Nothing can ruin an outing as quickly as a leaky tent with poor ventilation — one that’s damp and hot as a sauna.
Pick the wrong tent for the job and your trip to the Great Outdoors might not be so great.
So to give you the inside line on buying a new tent, whether it’s a backpacking model or a group shelter for you and five fellow Scouts, we turned to world-renowned rock climber Tommy Caldwell, who spends more than 80 nights a year sleeping in tents. “On those expeditions, your tent ends up being your little home,” he says.
Here are the rules to pick the best “home” for your next outing.
Pick a design that fits your needs. Tents come in all shapes and sizes. Backpacking tents are most often shaped like domes, tunnels or wedges. Group shelters (or car-camping tents) are generally domes or rectangles with straight (or semi-straight) walls. Some tents are freestanding, meaning they can stand on their own without stakes, while others require guy lines and stakes for setup.
“You want the tent to be built for how you’re going to use it,” Caldwell says. “Mountaineers like dome tents because they’re the sturdiest and best in multi-direction heavy winds.”
Domes are also freestanding and roomy but tend to be heavier than other designs. Wedges are usually the lightest weight but not so roomy. Tunnels provide good space for their weight and are generally well suited for bad weather. A good rule: The more poles the tent has, the sturdier it’ll be.
Don’t underestimate the importance of space and weight. Though some people prefer tiny solo tents, Caldwell recommends picking a tent that’s at least big enough for you to sit up inside.
“I made the mistake once of going on a two-month trip with a one-man tent the size of a coffin,” he says, laughing.
Solo tents should have between 15 and 25 square feet of space. For larger tents, add another 10 to 15 square feet per person. When evaluating space, also consider the square footage of any attached vestibules, which are like little garages for storing backpacks, boots, even your dog.
Weight doesn’t matter as much for car-camping tents, but if you’re backpacking, obviously you’ll want the lightest tent that’s still large enough for your needs. Aim for a tent that weighs no more than four to five pounds per person. When backpacking with a group, the best strategy is to share a tent—and the pack weight — with your buddy. One guy carries the tent body while the other carries the poles and rain fly.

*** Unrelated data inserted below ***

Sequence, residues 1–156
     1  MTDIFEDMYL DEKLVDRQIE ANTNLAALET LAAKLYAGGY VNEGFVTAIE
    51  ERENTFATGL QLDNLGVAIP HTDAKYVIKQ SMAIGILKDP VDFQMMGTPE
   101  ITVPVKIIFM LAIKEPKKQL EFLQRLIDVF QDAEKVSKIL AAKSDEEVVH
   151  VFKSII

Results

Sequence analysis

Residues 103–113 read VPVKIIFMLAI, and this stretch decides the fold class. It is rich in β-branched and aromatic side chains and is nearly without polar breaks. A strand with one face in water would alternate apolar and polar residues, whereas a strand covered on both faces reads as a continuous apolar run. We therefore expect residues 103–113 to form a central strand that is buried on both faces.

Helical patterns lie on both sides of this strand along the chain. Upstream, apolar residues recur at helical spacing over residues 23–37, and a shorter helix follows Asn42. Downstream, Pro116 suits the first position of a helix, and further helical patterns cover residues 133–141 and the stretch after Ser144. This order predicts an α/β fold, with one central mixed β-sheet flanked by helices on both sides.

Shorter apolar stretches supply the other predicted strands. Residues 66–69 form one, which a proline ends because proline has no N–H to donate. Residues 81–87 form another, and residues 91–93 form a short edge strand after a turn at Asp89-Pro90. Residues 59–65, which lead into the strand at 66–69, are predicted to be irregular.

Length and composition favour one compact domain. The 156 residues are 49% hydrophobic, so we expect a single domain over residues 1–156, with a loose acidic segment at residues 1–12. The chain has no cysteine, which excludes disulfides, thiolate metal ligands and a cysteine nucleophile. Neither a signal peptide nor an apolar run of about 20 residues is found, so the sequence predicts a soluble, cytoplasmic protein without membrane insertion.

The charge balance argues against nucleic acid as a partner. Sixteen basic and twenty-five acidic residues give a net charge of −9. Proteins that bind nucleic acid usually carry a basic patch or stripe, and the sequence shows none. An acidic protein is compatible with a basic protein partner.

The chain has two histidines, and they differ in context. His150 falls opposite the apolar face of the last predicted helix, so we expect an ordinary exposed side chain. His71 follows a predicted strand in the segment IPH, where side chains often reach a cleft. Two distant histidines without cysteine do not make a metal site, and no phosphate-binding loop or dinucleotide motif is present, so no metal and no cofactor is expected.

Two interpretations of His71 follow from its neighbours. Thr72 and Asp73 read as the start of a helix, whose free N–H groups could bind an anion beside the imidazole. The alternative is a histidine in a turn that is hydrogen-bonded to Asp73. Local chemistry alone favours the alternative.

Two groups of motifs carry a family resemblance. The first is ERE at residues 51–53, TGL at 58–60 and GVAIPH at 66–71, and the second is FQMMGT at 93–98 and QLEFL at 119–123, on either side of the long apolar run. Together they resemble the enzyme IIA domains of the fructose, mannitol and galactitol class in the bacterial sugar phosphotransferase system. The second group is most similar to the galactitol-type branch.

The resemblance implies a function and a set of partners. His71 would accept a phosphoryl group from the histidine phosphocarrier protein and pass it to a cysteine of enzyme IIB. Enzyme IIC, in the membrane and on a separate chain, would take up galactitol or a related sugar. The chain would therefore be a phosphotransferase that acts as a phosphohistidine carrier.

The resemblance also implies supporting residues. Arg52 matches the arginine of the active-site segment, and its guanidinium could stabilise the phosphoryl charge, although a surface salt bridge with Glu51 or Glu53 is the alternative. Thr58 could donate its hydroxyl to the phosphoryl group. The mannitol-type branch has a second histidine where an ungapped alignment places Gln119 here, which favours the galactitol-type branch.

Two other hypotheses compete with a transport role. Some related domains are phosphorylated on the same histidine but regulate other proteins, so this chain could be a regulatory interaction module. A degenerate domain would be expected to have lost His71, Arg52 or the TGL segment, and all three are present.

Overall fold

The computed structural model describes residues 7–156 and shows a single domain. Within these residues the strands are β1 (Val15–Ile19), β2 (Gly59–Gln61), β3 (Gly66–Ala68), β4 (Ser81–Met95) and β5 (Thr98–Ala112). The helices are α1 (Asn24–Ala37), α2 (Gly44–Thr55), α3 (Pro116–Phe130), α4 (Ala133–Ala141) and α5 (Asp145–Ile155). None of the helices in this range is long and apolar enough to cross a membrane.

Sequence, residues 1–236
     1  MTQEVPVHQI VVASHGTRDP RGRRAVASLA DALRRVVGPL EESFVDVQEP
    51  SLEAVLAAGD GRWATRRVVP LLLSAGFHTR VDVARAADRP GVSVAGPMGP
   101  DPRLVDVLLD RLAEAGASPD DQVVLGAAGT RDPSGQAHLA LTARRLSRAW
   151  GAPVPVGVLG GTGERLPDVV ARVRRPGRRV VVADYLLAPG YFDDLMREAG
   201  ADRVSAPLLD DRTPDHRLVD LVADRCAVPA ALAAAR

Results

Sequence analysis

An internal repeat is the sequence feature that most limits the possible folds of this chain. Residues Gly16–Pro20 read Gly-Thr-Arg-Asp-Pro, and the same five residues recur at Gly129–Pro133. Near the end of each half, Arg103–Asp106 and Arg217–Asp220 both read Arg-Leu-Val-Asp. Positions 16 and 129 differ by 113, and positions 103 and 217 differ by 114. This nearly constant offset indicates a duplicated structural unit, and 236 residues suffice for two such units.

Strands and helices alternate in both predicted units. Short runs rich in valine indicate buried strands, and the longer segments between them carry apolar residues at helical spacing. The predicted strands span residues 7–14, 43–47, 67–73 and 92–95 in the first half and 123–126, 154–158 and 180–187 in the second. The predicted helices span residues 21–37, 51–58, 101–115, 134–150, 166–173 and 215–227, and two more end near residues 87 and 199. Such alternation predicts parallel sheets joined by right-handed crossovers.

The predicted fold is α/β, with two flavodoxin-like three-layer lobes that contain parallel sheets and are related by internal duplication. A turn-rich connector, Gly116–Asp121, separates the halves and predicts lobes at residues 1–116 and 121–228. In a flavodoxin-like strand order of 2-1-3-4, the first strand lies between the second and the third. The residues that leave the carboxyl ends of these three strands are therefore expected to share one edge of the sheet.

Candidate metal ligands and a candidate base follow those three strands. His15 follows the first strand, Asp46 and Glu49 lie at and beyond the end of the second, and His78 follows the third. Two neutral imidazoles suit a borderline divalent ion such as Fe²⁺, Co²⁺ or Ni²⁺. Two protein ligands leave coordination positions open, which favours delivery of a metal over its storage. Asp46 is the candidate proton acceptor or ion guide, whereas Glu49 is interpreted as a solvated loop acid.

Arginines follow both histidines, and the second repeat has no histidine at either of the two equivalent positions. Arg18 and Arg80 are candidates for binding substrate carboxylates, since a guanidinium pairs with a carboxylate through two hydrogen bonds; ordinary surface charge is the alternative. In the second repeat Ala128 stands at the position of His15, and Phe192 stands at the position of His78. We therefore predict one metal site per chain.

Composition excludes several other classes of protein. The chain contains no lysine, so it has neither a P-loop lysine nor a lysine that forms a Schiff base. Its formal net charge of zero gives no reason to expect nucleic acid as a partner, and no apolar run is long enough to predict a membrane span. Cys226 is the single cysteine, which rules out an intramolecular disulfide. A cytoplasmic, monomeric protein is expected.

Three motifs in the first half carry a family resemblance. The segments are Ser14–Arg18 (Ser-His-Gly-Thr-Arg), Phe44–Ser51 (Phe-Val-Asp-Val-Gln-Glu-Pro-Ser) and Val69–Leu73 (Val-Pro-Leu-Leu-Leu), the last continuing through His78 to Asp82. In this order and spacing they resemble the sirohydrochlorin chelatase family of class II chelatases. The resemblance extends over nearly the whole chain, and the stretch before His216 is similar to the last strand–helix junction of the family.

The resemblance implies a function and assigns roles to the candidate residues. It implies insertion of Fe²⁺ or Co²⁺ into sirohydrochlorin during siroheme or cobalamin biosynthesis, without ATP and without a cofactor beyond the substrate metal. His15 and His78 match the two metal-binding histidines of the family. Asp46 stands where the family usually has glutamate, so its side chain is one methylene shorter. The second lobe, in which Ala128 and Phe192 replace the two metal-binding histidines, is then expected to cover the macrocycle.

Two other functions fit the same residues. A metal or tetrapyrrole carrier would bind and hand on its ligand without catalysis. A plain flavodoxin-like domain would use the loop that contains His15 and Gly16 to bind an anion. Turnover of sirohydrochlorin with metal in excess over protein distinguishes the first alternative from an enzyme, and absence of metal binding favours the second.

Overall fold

Don’t overspend. Why buy an ultralight, tricked-out $500 tent when the $150 model will work just fine? In general, the higher the price tag, the lighter-weight and more durable the tent and its poles will be.
Naturally, durability is important, says Caldwell: “I’ve trashed a lot of tents in my lifetime.”
And just think: That $75 tent might seem like a great deal now, but if it wears out and you have to buy a new one every season, where’s the savings in that?
Do not confuse seasons. Most tents are designed for three-season use. That means they will handle the temperatures and weather of spring, summer and fall. Four-season tents are sturdier and designed for camping in snow, but they are usually heavier and less breathable.
Look for breathability. Airflow is your friend.
“For camping in warm weather you’ll want a tent that’s going to breathe and be vented,” Caldwell says.
Look for a tent with plenty of mesh panels and vents that promote airflow. For rainy conditions, make sure there’s ample space between the rain fly and the tent.
Without proper airflow, you’ll roast and “get a lot of condensation that’ll create a little rainstorm inside your tent,” Caldwell says.
Even if your tent is freestanding, you still must stake it out properly for maximum airflow and to avoid pesky leaks and condensation. Unless you’re winter camping, stay away from single-walled tents (which are notoriously less breathable and lack mesh and large vents).
Try before you buy. “It’s always a good idea to set up a tent before you buy it,” Caldwell says. “Otherwise it’s hard to get an idea of what it looks like.” So pitch the tent and crawl inside. If the salespeople won’t let you, go to another store.
Besides checking for space, pitching it in the store will give you a better idea of how easy it is to set up. Tents with hub-style poles and color-coded quick clips will be simplest—and quickest—to pitch.